A Review of Nutritional Recommendations for Pregnant Women Living with HIV
Ensuring proper nutrition is a critical component of living with HIV as it is with being pregnant. The two conditions combined mean that pregnant women living with HIV are especially vulnerable to nutrient deficiencies and these women must monitor their nutritional status accordingly. The review provides general recommendations to address these issues.
Vertical (Mother-to-child) Transmission of HIV: Prevention, Treatment, and Education
Saskatchewan continues to see high rates of new cases of human immunodeficiency virus (HIV) infection in comparison to the rest of Canada. A large number of these new cases are being identified in women of childbearing age.
Recognizing the importance of understanding HIV in the context of pregnancy, the Saskatchewan Prevention Institute conducted a review of the literature in this area. The review includes findings and recommendations on vertical transmission, transmission prevention, barriers to prevention, and health promotion around these topics.Download the Vertical Transmission Executive Summary
HIV/AIDS, Pregnancy, and Tobacco Use
Fact Sheet, 2012
This fact sheet explains how tobacco use during pregnancy is harmful for both a mother and her unborn child. For women living with HIV/AIDS, smoking tobacco during pregnancy can increase the chances that HIV will be passed to the baby. Websites are listed to help pregnant women and those planning a pregnancy to become tobacco free.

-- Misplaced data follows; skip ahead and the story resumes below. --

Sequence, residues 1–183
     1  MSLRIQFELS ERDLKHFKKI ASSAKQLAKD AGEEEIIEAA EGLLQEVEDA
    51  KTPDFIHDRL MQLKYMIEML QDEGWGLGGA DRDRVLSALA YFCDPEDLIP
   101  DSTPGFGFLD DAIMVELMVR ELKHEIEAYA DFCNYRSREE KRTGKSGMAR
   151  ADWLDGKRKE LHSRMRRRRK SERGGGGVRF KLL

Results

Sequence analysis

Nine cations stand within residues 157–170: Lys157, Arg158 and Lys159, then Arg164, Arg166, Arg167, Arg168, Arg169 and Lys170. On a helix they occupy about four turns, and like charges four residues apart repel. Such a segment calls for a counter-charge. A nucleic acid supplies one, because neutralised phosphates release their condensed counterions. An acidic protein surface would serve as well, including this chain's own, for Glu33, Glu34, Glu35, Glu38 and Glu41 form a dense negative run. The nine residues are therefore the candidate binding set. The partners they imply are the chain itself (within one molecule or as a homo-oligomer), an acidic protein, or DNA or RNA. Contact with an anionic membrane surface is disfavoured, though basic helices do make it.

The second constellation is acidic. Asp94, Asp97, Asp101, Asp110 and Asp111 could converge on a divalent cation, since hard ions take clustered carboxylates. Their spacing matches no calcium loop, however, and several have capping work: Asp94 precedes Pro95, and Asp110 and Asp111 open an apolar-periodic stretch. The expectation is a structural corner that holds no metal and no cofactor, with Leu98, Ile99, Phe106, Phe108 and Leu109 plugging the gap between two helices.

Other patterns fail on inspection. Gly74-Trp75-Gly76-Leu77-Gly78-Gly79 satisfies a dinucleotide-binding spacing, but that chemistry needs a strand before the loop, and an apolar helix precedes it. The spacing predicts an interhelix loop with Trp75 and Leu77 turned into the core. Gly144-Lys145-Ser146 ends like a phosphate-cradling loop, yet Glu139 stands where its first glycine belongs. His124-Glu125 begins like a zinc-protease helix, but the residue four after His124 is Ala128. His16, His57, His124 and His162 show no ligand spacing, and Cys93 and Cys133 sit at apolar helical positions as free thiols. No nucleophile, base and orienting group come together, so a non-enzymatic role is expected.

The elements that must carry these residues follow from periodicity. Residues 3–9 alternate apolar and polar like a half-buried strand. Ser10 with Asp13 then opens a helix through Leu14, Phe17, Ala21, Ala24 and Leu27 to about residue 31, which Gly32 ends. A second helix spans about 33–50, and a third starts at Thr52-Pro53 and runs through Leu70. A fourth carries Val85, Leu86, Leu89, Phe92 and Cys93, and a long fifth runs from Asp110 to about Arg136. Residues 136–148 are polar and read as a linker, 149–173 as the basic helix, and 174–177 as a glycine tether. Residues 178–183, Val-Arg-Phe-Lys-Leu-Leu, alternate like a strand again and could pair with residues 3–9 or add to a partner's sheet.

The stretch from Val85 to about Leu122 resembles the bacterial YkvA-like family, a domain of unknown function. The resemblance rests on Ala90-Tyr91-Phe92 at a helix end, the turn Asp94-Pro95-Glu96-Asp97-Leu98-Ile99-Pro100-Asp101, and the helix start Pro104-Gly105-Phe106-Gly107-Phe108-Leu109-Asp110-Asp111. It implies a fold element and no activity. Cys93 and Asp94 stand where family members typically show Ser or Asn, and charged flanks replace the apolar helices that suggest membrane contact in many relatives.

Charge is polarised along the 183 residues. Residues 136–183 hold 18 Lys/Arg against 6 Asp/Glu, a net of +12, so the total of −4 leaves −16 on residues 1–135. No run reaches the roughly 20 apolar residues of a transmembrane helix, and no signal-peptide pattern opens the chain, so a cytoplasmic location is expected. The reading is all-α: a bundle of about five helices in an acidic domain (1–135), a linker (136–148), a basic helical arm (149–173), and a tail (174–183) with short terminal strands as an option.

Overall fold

A New Mother and HIV Positive
Mothers who are HIV positive may face additional challenges. If you are a mother and are HIV positive, it is important to take care of yourself so that both you and your baby can stay healthy. This brochure talks about staying healthy, deciding if you should breastfeed or not, as well as information on dealing with postpartum depression and anxiety.SKU: 7-007
Substance Use, Pregnancy, and HIV/AIDS: Treatment Programs for Pregnant Women
This living document identifies existing substance use treatment programs and services available to pregnant women and pregnant women living with HIV/AIDS in North America, with a particular focus on Saskatchewan. The information provided through the current environmental scan is useful both for pregnant women who use substances who are seeking services, and for healthcare professionals, who can use this information to assist women in accessing services that are appropriate to their needs. Ideally, this would be done as part of a multidisciplinary team, where the referring professional continues to be involved in the care of the woman. It is hoped that the information provided will increase awareness of the existing substance use treatment centres and programs for pregnant women, with the goal of potentially increasing referrals to and use of these programs.